Meetings Improve with Conversation Guidlines

Do you sometimes walk out of meetings feeling great, while other times (even if something was accomplished) it feels like you’ve been dragged through the mud?

I recently attended a couple of meetings on the same day, and was struck by the difference in how I felt afterward.  Both involved spirited discussion.  Both resulted in some progress toward agreement on some contentious issues.  But I felt totally different leaving them.  One left me energized, appreciative of the diverse views and looking forward to the next opportunity to talk.  

 The other meeting left me feeling depressed.  The vitriol was loud, the animosity evident.  I really don’t want to further discuss this issue with these people, but I have to.  I’m not looking forward to it and expect, at best, nothing more than a grudging compromise sometime in the future. 

What made these meetings so different?  Were the people in one meeting just nicer than those in the other?  I don’t think so.  One of the clear differences was the extent to which we had a common understanding of behavior expectations in each meeting.  I remembered that we had a short list of “conversation guidelines” for the one group, but no such list of expectations for the other.  That made a huge difference.

When I facilitate meetings I begin with such a list.  It’s best to tailor it to the participants and the goals of the meeting.  Here are some of the most common guidelines:

  • Keep an open mind.
    • It may seem obvious, but it’s often helpful to spell this out to remind participants that there’s no point in being in the conversation if they are not willing to hear other points of view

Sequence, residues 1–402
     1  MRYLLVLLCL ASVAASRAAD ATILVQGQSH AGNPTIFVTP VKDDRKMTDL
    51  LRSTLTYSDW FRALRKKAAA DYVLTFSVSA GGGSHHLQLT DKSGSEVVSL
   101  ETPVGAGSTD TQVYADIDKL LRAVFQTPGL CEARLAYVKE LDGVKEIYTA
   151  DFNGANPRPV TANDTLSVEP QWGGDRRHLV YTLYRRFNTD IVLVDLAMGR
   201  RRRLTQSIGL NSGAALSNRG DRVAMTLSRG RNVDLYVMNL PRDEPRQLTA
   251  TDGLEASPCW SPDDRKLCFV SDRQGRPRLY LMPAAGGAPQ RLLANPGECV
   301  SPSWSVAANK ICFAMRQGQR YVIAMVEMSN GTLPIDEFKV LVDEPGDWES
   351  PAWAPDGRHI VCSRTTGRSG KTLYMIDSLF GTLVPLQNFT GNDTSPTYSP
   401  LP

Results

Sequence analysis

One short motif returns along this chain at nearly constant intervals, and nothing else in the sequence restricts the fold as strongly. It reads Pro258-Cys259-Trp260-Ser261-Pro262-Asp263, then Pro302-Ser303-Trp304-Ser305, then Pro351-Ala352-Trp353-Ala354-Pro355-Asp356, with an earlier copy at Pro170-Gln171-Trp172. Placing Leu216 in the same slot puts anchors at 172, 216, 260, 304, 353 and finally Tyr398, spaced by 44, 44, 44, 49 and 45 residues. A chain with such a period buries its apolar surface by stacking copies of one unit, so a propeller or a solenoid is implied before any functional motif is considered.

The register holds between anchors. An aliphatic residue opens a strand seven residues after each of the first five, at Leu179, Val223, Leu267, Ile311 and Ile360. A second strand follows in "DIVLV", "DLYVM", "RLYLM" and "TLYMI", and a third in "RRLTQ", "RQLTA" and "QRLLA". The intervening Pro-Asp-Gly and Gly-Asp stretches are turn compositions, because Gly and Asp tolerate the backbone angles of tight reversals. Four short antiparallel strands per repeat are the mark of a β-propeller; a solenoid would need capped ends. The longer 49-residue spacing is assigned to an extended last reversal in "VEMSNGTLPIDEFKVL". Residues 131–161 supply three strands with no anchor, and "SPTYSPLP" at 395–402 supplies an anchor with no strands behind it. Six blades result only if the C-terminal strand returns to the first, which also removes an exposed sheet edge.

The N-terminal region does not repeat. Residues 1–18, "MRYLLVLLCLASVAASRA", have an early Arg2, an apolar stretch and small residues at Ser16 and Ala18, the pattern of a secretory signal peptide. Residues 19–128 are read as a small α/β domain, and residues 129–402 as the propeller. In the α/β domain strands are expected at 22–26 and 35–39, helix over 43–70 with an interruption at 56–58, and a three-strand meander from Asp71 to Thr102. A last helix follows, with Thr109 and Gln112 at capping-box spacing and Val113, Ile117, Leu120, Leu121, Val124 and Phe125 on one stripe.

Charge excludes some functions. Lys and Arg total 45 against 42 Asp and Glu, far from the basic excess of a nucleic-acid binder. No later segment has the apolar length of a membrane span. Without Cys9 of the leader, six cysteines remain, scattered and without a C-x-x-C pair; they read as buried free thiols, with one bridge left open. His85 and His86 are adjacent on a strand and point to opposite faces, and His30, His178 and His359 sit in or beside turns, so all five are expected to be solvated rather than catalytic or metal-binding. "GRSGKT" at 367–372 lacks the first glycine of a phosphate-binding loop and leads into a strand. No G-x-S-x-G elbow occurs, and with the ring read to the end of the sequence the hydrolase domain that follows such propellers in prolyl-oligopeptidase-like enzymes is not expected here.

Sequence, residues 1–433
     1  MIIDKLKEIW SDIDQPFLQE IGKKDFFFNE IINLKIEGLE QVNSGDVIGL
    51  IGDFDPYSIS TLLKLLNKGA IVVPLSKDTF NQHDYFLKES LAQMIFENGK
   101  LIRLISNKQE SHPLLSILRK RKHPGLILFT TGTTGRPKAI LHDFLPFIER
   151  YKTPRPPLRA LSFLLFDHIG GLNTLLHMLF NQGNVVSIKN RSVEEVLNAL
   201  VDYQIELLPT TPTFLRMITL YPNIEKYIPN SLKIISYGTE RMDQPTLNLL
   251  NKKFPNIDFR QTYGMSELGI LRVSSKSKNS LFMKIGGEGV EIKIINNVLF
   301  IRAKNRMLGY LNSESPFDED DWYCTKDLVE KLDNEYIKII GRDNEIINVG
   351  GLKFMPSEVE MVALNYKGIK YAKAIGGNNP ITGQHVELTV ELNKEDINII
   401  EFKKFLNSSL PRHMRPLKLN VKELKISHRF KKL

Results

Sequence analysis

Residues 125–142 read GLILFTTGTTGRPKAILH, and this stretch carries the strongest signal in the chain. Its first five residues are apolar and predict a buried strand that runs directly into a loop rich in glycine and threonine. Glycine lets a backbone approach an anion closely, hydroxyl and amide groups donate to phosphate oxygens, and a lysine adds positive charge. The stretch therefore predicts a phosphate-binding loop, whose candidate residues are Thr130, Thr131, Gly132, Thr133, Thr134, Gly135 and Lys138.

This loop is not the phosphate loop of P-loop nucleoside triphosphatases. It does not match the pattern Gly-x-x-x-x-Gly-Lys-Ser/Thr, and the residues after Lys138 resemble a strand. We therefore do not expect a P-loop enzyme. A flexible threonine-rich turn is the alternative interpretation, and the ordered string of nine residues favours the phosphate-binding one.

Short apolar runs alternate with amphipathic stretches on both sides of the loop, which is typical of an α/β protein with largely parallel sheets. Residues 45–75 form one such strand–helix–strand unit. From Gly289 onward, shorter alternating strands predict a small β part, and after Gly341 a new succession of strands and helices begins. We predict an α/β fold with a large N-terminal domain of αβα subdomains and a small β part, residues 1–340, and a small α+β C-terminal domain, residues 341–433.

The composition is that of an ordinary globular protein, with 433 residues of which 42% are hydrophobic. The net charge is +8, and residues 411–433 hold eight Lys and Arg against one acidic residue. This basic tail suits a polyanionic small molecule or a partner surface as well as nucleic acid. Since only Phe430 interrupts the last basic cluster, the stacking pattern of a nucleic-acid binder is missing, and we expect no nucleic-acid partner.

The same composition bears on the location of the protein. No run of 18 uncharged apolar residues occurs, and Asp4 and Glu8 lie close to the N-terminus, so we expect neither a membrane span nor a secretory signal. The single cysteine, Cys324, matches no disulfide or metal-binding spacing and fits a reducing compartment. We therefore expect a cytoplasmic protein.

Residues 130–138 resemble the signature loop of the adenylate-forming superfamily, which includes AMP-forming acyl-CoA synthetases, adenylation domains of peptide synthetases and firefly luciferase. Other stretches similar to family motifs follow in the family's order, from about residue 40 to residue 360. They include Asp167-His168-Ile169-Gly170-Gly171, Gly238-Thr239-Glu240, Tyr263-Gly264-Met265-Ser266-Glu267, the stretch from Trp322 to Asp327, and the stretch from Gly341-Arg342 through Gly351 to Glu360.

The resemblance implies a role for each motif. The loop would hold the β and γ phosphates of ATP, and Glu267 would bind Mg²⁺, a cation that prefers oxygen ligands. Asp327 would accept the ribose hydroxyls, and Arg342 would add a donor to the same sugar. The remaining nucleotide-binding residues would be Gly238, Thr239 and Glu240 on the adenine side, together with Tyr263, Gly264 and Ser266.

• Listen for understanding and alignment.
    • That means listening before speaking, and concentrating on agreement rather than disagreement.
  • Be willing to agree to disagree.
    • Where there is serious disagreement, don’t beat it into the ground.  Sometimes it’s best to agree to disagree – at least for now.
  • Assume positive intent.
    • Assume that everyone has the best interests of the business, group, organization, community or project in mind.
  • Focus on the mission.
    • Keep the group’s purpose in mind and be sure all topics pertain to that mission.
  • Use a ‘parking lot’ for items that are important but not on the agenda
    • When things come up that are important but not relevant to the group at that time, file them in a ‘parking lot’ so they don’t interfere with the forward momentum of the conversation, but are not forgotten

In my next blog I’ll talk about more guideliens that have helped me, and about what to do if someone doesn’t abide by the ones to which the group has agreed.  Having conversation guidelines has really helped me ensure progress toward a group’s goal and continued participation by people who have had a positive experience. 

Do you have some favorite conversation guidelines that have helped your group succeed?  Please share them!  ~ Daphne Schneider

One response to “Meetings Improve with Conversation Guidlines

  1. These are great suggestions. Would that everyone in ONA had written them and taken them to heart. Thanks for the great good you do in our neighborhood, city, and the wider world.

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